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The Anatomy Riots
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Resurrectionism happened in 1780s-90s in America In NYC 1788, for three days several deaths occurred over near King's college 1785-1855 there were seventeen other riots over stealing bodies of loved ones Families began hiring guards and developing protection for caskets
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Burke and Hare
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In Edinburgh 1827-28 William Burke and William Hare ran a boarding house A boarder died in 1827 but still owed rent Took body to Edinburg and sold to Dr. Knox (for anatomy lab) A few weeks later another tenant had fever and waited for him to die Didn't die so they suffocated the person - became known as "Burking" Began burking other tenants and sold bodies to Dr. Knox By Oct 1828, 16 bodies were delivered to Dr. Knox from Burke and Hare On Halloween, friends came to visit a tenant and found the body. Called authorities and investigations began Hare cooperated but Burke did not Dr. Knox threatened and ostracized Burke went to trial and convicted for murder Hare imprisoned and Burke hanged - one of the larges public executions EVER (20,000) Burke also skinned and dissected "The Body Snatcher" 1884 was a story that came from it
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Warburton Anatomy Act
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1832 the Act passed in England Lord Warburton of English Parliament pushed through act that provided "unclaimed bodies" for medical schools (e.g. the poor, prisoners) Legal source that medical schools could use to get cadavers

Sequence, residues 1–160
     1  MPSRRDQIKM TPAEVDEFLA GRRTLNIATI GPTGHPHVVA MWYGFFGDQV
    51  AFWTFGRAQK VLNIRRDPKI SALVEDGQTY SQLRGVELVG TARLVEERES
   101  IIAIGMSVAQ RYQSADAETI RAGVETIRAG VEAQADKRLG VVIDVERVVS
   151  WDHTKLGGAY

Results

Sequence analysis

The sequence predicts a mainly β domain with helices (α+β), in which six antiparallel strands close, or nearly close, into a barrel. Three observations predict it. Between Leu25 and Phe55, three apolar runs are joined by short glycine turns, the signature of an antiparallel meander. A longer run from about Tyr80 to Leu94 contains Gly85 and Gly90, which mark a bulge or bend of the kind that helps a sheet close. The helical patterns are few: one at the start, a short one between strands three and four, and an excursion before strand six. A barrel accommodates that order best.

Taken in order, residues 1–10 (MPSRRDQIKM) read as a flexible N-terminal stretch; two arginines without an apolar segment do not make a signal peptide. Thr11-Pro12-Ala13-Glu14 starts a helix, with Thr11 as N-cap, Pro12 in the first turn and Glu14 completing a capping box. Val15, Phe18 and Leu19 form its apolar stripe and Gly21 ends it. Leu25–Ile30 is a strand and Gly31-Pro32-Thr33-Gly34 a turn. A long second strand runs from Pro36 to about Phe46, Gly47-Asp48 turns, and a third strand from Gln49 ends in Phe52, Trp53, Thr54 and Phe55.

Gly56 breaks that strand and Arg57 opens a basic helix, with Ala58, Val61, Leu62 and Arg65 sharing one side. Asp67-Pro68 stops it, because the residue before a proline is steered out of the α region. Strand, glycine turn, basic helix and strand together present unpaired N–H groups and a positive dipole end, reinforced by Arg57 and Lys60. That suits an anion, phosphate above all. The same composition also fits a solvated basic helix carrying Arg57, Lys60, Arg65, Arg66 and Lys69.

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Anatomy Acts in America
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Began in mid 1800s 1831 - Massachusetts 1833 - Connecticut
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Women in Medicine prior to 1850s
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Seen as "too delicate" or "too sensitive" for medicine; particularly dissections Always participated in medicine as midwives Barred from medical profession until 1800s - even though they had critical roles
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Women in Medicine - pressure in 1830s and 40s
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1. Feminist Movement (strong in 1840s) Option for women to attend college, women began their own colleges (Seven Sisters) 2. Desire for female physicians - particularly with Ob/Gyn issues, plus male docs didn't give best attention/privacy issues
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Powerful opposition for Women in Medicine
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1. Medical study an affront to modesty (degrading to women) 2. Potential for romantic encounter with male patient 3. Women intellectually incapable of medical study 4. Women emotionally unstable 5. Women physically incapable of medical practice (i.e. "monthly weakness")
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Elizabeth Blackwell
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English; 1821-1920 Mid 1800s Quaker by religion; Family immigrated to US when teen Social family that lived in Cincinnati and New York In early 20s, became school teacher in Kentucky Friend became ill and wanted female doc but none were found so died Blackwell applied to medical schools beginning in 1846 Applied to Geneva Medical School, NY 1847 Treated as joke by Dean and then by students Asked for a vote to see if she could come; unanimous vote of admitting her Admitted at age 26 as an auditee in medical profession - behavior reported on regularly Graduated 1849 and first in class Couldn't find work in US - traveled to France for further study Wanted to be surgeon but lost an eye from infection 1855 returns to NY to open New York Infirmary for Women and Children 1860: Opened New York Women's Medical College 1869: Teamed with nightengale to open Women's Medical College in London Wrote book titled "Pioneer Work for Women"